Number of CPU Sockets:                                 2                    2                    0       0.0
Physical Memory:                                64413.7M             64413.7M                   0M       0.0
Load at Start Snapshot:                             9.57                 1.77                 -7.8     -81.5
Load at End Snapshot:                               15.6                14.15                -1.45      -9.3
%User Time:                                          .64                 2.07                 1.43     223.4
%System Time:                                        .74                 1.48                  .75     100.0
%Idle Time:                                         98.6                 96.4                 -2.2      -2.2
%IO Wait Time:                                      9.06                53.29                44.23     488.2
Cache Sizes
~~~~~~~~~~~
                          1st (M)    2nd (M)   Diff (M)    %Diff
---------------------- ---------- ---------- ---------- --------
Memory Target
.....SGA Target
..........Buffer Cache       16.0       16.0        0.0      0.0
..........Shared Pool     1,024.0    1,024.0        0.0      0.0
..........Large Pool
..........Java Pool          16.0       16.0        0.0      0.0
..........Streams Pool
.....PGA Target           1,024.0    1,024.0        0.0      0.0
Log Buffer                  128.0      128.0        0.0      0.0
In-Memory Area

Workload Comparison
~~~~~~~~~~~~~~~~~~~                      1st Per Sec          2nd Per Sec      %Diff              1st Per Txn          2nd Per Txn      %Diff
                                     ---------------      ---------------     ------          ---------------      ---------------     ------
                       DB time:                 15.8                 15.8        0.2                      4.4                  1.5      -66.7
                      CPU time:                  0.3                  0.9      175.8                      0.1                  0.1        0.0
           Background CPU time:                  0.1                  0.1      133.3                      0.0                  0.0      -50.0
             Redo size (bytes):          4,652,147.0         15,186,494.1      226.4              1,311,306.6          1,426,136.0        8.8
         Logical read (blocks):              5,231.1             16,957.8      224.2                  1,474.5              1,592.5        8.0
                 Block changes:              2,640.2              8,922.1      237.9                    744.2                837.9       12.6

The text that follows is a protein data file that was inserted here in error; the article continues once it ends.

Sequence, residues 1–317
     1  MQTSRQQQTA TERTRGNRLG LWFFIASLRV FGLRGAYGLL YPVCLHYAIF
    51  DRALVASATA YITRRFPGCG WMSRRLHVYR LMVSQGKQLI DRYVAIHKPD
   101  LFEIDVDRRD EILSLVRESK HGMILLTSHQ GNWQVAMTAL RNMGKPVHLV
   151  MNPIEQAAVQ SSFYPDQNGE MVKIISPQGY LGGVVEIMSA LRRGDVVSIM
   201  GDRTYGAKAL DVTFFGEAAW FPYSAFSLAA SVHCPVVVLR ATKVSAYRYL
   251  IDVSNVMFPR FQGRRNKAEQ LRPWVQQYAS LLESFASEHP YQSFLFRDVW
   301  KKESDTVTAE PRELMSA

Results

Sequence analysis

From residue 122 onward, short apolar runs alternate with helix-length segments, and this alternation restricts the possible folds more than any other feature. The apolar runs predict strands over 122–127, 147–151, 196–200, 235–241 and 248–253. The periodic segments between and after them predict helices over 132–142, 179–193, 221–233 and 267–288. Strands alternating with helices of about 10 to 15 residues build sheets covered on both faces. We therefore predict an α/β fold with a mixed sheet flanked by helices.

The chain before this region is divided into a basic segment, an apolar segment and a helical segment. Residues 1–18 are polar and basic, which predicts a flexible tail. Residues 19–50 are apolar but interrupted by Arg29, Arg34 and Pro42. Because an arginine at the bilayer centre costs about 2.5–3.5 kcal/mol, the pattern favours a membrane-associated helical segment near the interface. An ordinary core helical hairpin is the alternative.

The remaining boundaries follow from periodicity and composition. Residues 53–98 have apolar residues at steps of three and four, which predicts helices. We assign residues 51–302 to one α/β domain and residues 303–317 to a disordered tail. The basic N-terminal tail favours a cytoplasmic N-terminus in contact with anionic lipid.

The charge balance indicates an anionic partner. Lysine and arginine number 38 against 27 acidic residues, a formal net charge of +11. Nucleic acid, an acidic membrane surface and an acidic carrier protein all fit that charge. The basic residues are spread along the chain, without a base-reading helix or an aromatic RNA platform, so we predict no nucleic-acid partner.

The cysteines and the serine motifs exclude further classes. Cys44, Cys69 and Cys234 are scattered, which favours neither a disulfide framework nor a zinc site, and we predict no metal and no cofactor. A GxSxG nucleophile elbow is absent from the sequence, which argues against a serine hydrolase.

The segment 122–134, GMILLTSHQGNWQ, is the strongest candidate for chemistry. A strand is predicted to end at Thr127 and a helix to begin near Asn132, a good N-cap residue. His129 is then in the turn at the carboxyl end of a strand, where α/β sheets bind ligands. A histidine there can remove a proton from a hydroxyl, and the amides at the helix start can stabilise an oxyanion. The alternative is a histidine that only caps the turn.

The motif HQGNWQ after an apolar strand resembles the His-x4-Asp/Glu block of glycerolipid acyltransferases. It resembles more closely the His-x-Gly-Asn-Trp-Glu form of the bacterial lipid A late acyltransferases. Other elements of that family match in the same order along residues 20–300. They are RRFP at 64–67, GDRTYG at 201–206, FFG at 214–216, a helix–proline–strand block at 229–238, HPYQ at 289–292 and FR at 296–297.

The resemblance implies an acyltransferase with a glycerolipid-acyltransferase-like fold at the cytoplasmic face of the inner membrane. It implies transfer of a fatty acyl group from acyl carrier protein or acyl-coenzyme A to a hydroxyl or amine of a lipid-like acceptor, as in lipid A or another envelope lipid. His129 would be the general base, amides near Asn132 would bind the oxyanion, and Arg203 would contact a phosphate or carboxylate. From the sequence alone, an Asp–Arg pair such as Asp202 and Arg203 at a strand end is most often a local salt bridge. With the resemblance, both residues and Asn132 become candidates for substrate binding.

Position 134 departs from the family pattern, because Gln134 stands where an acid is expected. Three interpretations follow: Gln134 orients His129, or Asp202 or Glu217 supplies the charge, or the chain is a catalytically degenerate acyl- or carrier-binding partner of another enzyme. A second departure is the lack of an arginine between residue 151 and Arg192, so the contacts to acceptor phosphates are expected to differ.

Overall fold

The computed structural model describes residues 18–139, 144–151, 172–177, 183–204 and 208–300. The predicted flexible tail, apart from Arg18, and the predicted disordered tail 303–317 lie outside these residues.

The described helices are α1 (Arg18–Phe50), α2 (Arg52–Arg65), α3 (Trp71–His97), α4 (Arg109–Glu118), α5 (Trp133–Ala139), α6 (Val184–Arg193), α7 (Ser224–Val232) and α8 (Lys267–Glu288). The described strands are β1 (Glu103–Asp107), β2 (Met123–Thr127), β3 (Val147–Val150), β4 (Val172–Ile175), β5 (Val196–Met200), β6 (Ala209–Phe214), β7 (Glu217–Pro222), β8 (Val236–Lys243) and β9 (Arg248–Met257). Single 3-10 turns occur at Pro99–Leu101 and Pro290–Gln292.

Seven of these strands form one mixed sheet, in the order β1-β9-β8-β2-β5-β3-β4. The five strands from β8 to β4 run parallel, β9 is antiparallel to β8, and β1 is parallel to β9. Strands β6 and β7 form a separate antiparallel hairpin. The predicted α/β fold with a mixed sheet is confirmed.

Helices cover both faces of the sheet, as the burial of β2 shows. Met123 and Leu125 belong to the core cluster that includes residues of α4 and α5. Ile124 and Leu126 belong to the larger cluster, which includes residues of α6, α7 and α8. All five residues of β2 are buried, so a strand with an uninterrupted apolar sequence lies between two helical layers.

Physical read (blocks):              3,750.0             12,560.9      235.0                  1,057.0              1,179.6       11.6
       Physical write (blocks):              1,729.0              5,855.0      238.6                    487.4                549.8       12.8
              Read IO requests:              3,749.3             12,560.8      235.0                  1,056.8              1,179.6       11.6
             Write IO requests:              1,538.2              5,219.5      239.3                    433.6                490.2       13.0
                  Read IO (MB):                 29.3                 98.1      234.9                      8.3                  9.2       11.6
                 Write IO (MB):                 13.5                 45.7      238.6                      3.8                  4.3       12.9
                  IM scan rows:                  0.0                  0.0        0.0                      0.0                  0.0        0.0
       Session Logical Read IM:
                    User calls:                  1.4                  1.4        2.9                      0.4                  0.1      -66.7
                  Parses (SQL):                  6.3                 10.3       62.7                      1.8                  1.0      -45.5
             Hard parses (SQL):                  0.3                  0.0      -86.2                      0.1                  0.0     -100.0
            SQL Work Area (MB):                  0.4                  0.2      -48.8                      0.1                  0.0      -48.8
                        Logons:                  0.1                  0.1        0.0                      0.0                  0.0      -50.0
                Executes (SQL):                 23.7                 58.0      144.3                      6.7                  5.4      -18.5
                  Transactions:                  3.5                 10.6      200.0

                                               First               Second       Diff
                                     ---------------      ---------------     ------
     % Blocks changed per Read:                 50.5                 52.6        2.1
              Recursive Call %:                 97.6                 99.0        1.5
    Rollback per transaction %:                  0.0                  0.0        0.0
                 Rows per Sort:                 35.4                 49.6       14.2
    Avg DB time per Call (sec):                 11.5                 11.3       -0.3

Top Timed Events   First DB/Inst: SLOB12/SLOB12 Snaps: 49-50 (Elapsed time: 122.614 sec  DB time: 1935.33 sec),  Second DB/Inst: SLOB12/SLOB12 Snaps: 55-56 (Elapsed time: 121.705 sec  DB time: 1923.77 sec)
-> Events with a "-" did not make the Top list in this set of snapshots, but are displayed for comparison purposes

                                               1st                                                                                                2nd
------------------------------------------------------------------------------------------------   ------------------------------------------------------------------------------------------------